- What is your concept of friendship?
- What do you think a true friend does? (this will tell you both what he is looking for, what he builds, and probably what he is willing to toast).)
- What limits have you imposed on your group of friends?
- What features do you look for in your friends? We talk about tastes, personality, physique, etc.
- What is the most precious thing you have learned or brought you a friendship?
- Under what circumstances would you walk away from any friendship?
Characteristics of friendship in adolescence
Something very important and that we must not lose sight of is the stage in which they are. Friendship takes on certain characteristics of the experience at this age. An example of this is that looking at the other as an equal who is living situations very similar to their own, may feel more confident to approach and ask for advice or chat about issues that as adults may cost us work to engage or that we are not willing to dialogue.
They are discovering and building their identity, so friends can allow them to open their panorama to things they may never have heard at home or with close people, we talk about music, sports, beliefs, etc. This mixture of worlds will lead them to question many things they had not thought of before and to look for new ways to discover the world. It is for this reason that friendships can make them feel accompanied, understood, supported, and above all protected, as part of a group, belonging is one of the most sought-after characteristics. With companionship, they will mediate with the passage of experiences and analysis, until they can understand that they may not be pleasant in the eyes of all people, but that this is even pleasant when it comes to groups that do not share their same vision before life.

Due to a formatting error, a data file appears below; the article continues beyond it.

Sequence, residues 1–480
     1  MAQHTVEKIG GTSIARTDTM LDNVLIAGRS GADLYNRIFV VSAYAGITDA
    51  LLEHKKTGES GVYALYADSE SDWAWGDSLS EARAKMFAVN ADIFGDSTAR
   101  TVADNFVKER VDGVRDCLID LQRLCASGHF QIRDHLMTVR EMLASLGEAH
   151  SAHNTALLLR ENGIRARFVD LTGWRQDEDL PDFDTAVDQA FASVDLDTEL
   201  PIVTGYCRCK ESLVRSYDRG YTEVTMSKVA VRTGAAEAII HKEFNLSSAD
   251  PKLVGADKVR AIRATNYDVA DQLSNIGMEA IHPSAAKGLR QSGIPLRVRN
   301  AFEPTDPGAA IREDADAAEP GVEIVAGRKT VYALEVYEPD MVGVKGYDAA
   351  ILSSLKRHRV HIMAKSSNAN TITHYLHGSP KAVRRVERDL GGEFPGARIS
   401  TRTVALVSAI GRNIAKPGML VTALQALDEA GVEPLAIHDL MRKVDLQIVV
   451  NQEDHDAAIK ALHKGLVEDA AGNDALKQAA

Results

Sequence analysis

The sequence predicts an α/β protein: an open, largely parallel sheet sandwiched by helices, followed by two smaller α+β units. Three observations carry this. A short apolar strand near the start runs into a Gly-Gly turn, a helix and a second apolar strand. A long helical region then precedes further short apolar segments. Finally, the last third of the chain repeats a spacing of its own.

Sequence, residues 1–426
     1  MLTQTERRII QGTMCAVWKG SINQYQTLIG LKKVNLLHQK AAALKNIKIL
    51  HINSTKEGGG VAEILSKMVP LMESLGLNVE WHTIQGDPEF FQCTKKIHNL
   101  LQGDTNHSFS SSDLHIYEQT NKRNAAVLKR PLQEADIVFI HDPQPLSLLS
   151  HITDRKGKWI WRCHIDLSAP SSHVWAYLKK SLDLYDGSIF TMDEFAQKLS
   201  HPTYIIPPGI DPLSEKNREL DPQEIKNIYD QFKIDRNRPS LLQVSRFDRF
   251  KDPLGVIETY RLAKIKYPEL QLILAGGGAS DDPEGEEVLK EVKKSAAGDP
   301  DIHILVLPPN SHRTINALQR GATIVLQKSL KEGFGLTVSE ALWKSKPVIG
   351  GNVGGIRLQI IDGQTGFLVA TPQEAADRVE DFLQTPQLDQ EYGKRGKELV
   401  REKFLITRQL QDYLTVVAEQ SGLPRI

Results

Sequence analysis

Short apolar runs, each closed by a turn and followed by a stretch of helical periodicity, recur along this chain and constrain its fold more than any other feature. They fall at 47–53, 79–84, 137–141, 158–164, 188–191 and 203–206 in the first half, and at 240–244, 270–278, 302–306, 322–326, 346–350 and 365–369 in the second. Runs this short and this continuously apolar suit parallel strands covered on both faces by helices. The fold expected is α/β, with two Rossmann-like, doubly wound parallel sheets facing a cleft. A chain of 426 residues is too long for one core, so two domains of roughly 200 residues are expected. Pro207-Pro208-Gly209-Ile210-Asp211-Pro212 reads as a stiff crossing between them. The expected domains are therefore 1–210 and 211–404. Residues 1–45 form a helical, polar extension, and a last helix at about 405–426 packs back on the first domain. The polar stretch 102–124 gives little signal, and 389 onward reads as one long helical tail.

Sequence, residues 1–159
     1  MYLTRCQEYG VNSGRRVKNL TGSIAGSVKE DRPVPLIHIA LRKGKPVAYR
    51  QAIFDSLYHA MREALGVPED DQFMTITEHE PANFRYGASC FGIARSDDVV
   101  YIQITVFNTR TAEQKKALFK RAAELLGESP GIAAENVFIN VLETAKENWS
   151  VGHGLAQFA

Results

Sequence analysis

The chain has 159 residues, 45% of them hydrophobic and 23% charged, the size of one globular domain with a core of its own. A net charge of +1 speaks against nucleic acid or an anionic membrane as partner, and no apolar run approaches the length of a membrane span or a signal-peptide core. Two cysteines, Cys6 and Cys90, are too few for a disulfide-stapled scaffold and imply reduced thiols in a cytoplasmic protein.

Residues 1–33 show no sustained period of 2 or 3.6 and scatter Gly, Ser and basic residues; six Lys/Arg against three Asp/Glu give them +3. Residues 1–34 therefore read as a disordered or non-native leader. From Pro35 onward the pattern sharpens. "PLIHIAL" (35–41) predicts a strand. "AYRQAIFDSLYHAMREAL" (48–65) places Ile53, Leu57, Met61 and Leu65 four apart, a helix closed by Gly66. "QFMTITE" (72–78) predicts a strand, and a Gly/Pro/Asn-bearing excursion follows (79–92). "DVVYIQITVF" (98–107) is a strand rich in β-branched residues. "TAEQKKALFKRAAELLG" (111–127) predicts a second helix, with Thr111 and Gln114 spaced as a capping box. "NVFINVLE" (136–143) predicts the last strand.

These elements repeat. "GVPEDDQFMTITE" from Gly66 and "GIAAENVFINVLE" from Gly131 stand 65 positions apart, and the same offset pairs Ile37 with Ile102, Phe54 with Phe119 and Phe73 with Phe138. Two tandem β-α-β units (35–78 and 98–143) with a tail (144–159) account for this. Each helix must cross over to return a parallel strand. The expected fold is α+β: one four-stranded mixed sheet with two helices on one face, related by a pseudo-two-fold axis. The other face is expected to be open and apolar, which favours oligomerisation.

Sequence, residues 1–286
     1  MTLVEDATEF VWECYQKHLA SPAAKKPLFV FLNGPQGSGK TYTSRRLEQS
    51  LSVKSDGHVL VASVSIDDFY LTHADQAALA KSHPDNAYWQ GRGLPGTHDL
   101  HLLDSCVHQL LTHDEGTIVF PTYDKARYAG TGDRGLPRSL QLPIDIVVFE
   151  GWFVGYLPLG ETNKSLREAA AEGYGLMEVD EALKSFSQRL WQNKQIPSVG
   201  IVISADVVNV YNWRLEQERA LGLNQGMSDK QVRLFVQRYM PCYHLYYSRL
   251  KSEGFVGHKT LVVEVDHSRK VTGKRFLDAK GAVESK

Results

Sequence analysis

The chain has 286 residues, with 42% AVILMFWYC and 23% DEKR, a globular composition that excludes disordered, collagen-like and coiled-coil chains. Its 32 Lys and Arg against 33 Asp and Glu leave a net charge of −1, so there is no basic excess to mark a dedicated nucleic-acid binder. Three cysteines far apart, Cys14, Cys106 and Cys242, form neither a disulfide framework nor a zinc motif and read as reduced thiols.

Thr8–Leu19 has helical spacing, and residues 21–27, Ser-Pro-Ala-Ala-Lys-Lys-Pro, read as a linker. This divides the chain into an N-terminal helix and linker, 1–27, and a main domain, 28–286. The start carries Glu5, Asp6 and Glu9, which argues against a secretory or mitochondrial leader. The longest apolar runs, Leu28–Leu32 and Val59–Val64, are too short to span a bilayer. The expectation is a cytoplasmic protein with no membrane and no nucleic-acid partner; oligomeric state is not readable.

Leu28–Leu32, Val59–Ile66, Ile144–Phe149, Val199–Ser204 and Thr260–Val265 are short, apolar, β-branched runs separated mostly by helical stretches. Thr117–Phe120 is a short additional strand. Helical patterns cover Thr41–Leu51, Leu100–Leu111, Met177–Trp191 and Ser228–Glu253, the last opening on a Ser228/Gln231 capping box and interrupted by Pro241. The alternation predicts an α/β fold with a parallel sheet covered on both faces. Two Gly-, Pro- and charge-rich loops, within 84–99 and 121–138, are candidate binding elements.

Types of friendship in adolescence
The groups of friendships are very different from the family, which mostly seeks to teach, guide, care, and advise, so together these two types of bonds will allow adolescents to become independent, be more critical, and “mature” or rather take their actions to better functionality. There are neither good nor bad friendships, it is simply a series of decision-making and analysis about what kind of interaction you want to engage within the friendship, how you can get to this, and what characteristics these people should have.
In conclusion, the meaning of friendship can be varied, for some it will mean company, for others it will be fun, learning, support, understanding, etc., which will depend on each person. However, we can say on a large scale, that it is an affective bond that is built as a team. By being built between two or more people, each member will have the opportunity to modify the way they relate, as well as to choose if they want to be part of that relationship, all this depending on their learnings and skills.
We hope that this article will help you to understand a little more about the bonds of friendship in adolescence and with it advise or guide your child in the best way.